On November 14, 2016, both parties heeded Judge Zainey’s admonition to settle the matter, and the matter was formally dismissed after God only knows how much each side spent in attorney fees.

The Neill-TSP website referenced above (which indicates Neill Corporation has exclusive Aveda distributor rights in Texas, Oklahoma, Arkansas, Louisiana, Mississippi, Tennessee, and Alabama) depicts the two entities still being partnered and collaborating with one another.  Of course, there’s no way to know to what degree Petrillo may “call the shots” since the settlement terms of the litigation above aren’t public.  Common sense, however, would dictate that the relationship may not be the coziest in the world after the bitter litigation outlined above.

So, according to the Interrogatory responses supplied above, the credit crunch apparently caused extreme financial stress for Edwin Neill, Neill Corporation, and all of its affiliates.

Perhaps if Neill may be experiencing financial stress again, he may feel compelled to continue his dogmatic efforts to cram the 250-hour added coursework down students’ throats for the “advanced” esthetician designation to further boost tuition payments to his schools in Louisiana.

Of course, Neill just may be concerned that this review site of Aveda isn’t very flattering with a staggering 63% of 114 respondents rating Aveda as “bad” (with only 24% rating Aveda as “excellent” or “great”).  Let’s cite Farlda Hosein’s recent review as an example, shall we?:

Usually had awesome experience with them over the years. Been cutting my hair here for 10+ years. Went back today after covid and growing out my hair for a while. Left less than pleased. My hair looks and feel like it needs a good washing. It’s heavy and sticky with styling product, looks oily and feels dirty. I did not leave with a happy clean bouncy styled head of hair. My hair cut itself lasted less than 10min. I was scheduled for 330p and seen at 350p. What I experienced was a mad rush job with a less than 10 min haircut and two people blow drying my hair at the same time to get me out the door as Closing was 430 it seems.
It took 3 shampoos to my hair to get to lather, then I was able to wash the gook that is Avada’s styling product out of my hair. I blow dried and style, voila ! A healthy shiny light head of hair. Poor layering and the ends weren’t cleaned up, but i suppose it could have been worse.
I wont be back.
Edit:7/27 Aveda corporate contacted me right away because of my google review. Asked for info and that was that. It’s been two weeks, the store never followed up, neither did they. But with the large number of horrid reviews I see that they have been getting, I am not surprised.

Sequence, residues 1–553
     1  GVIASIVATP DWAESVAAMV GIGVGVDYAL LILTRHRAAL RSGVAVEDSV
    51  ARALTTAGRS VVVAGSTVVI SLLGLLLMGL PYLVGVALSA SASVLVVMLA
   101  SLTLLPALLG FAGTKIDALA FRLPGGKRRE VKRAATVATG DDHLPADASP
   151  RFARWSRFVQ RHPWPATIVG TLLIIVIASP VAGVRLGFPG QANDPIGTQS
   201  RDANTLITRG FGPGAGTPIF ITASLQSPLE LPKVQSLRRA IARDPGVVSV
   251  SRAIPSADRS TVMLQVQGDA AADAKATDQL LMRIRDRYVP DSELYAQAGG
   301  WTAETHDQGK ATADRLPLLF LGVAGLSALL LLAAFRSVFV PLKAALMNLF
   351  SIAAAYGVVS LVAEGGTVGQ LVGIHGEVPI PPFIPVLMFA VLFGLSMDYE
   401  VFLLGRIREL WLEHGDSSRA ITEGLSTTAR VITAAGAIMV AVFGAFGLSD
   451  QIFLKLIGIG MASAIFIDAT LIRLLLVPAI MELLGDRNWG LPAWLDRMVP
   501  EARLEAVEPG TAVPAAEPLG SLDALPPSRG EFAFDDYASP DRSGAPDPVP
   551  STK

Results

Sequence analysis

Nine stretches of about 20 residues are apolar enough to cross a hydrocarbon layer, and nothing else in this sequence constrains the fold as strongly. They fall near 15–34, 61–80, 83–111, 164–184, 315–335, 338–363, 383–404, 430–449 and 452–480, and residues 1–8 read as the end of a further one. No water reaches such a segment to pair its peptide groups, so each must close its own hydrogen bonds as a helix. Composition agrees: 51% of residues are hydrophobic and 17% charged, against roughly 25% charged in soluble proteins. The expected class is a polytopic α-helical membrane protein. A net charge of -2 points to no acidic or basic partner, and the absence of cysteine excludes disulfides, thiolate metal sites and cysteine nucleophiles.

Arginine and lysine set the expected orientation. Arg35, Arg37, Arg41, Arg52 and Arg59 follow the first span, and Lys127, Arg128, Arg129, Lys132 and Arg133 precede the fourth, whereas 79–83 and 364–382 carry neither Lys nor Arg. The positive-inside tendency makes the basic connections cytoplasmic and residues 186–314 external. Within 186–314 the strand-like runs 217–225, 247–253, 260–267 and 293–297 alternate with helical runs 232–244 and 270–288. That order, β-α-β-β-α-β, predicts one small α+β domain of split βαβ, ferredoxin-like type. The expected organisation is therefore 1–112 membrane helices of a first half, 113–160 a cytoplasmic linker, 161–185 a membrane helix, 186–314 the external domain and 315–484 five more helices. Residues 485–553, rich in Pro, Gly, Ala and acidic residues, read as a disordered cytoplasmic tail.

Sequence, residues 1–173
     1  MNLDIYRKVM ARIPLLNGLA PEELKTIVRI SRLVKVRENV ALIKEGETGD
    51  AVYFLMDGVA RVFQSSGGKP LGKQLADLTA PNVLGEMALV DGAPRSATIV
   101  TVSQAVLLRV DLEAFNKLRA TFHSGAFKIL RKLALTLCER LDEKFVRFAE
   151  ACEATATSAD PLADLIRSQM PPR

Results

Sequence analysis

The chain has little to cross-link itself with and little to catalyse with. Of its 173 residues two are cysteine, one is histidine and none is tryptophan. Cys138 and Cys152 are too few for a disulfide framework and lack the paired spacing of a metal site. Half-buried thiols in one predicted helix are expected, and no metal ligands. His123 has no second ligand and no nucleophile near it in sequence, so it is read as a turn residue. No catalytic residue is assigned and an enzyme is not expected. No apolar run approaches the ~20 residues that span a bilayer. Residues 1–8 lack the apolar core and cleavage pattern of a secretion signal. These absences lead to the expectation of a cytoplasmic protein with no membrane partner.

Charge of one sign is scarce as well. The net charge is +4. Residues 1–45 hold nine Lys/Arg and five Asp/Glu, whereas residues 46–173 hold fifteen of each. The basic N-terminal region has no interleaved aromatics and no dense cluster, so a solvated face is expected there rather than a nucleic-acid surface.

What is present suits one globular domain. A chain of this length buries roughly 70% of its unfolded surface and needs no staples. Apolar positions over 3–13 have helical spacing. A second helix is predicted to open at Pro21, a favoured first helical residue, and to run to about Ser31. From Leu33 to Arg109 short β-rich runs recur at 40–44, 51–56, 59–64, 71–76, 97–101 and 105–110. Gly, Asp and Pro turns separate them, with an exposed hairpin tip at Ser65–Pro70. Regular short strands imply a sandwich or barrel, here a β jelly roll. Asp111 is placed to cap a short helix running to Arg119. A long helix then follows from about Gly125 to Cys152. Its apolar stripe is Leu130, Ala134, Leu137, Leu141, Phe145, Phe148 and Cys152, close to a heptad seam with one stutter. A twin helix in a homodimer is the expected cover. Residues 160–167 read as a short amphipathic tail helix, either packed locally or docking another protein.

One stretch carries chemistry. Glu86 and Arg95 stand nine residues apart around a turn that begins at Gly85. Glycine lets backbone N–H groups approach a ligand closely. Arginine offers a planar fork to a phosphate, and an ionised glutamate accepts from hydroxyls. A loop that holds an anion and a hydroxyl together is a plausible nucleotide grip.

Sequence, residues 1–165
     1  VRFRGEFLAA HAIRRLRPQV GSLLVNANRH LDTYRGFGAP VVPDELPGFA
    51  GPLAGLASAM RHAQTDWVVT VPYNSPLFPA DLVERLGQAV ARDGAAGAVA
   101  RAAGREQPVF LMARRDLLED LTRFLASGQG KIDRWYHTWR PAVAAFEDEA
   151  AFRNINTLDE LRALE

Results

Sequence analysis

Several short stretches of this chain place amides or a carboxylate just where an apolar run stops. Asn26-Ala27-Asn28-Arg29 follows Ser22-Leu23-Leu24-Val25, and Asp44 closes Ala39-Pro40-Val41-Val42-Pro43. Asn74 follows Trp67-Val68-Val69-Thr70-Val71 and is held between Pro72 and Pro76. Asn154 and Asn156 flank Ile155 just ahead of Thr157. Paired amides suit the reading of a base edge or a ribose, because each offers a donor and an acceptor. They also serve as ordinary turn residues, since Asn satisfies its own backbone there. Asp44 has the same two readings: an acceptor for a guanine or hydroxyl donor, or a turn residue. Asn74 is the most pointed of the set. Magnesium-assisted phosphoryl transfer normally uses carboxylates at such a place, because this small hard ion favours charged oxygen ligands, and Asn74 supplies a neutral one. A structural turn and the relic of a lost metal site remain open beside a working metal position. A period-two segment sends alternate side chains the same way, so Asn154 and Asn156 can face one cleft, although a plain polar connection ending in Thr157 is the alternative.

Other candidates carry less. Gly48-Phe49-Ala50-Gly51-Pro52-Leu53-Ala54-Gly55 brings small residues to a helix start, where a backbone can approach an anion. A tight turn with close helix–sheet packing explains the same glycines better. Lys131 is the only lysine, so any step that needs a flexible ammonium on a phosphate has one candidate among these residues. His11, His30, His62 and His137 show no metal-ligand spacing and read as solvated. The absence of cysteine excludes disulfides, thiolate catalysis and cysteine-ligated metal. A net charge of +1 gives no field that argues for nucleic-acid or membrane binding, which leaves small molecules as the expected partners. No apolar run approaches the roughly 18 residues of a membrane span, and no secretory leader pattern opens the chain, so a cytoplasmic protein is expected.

They don’t care.
One star for all around bad service.

We can only attest to two facts:  #1) without Neill’s explosive temper depicted in the video above, Burns would have never even bothered trying to investigate via PACER searches why anyone may even possess that type of temperament (again recalling from his FDIC training in Arlington, Virginia), and #2) the “committee” being formed to advance that Neill failed 2021 initiative is on the agenda for the October 11, 2021 meeting of the LSBC.  The long-term goal of this “committee” is to pass legislation in 2022 to require the additional coursework which, obviously, would directly benefit Edwin Neill personally!

We’ll be there to see if Neill’s temperament has cooled to any meaningful degree from what it was at the last meeting of August 2, 2021, and we’ll report on that meeting soon after its conclusion!

Before we wrap up this feature, however, we need to address one more issue, and that is the ongoing litigation which the Institute for Justice (IJ) filed against the LSBC regarding hair braiding.  As we previously reported, IJ’s Lee McGrath attempted to work with the LSBC to avoid litigation.  However, as we reported, the LSBC members let McGrath’s words to them go in one ear and out the other, thus triggering the litigation.

Little was noted to have transpired in the public filings entailing the lawsuit since its original filing on June 20, 2019.  That all changed on September 10, 2021, however, when IJ filed this Motion for Summary Judgment.  When one party files a Motion for Summary Judgment, it is asserting that there are no issues of material fact existing in the matter and that the moving party (IJ in this instance) is entitled to a judgment in its favor as an operation of law without the need for a trial.  IJ is posing just such an argument in the just-linked Motion.

As of the date of this publication (Tuesday, October 5, 2021), Judge Wilson Fields has not yet set the matter for a hearing.  Once he does, IJ will pose oral arguments supporting its Motion, and the LSBC will pose its own oral arguments (after first submitting an Opposition Memorandum no less than eight days prior to the hearing) for why it feels IJ’s Motion should be denied.

Again, we’ll be at Monday’s LSBC meeting to gauge Neill’s temperament and report on any developments thereof.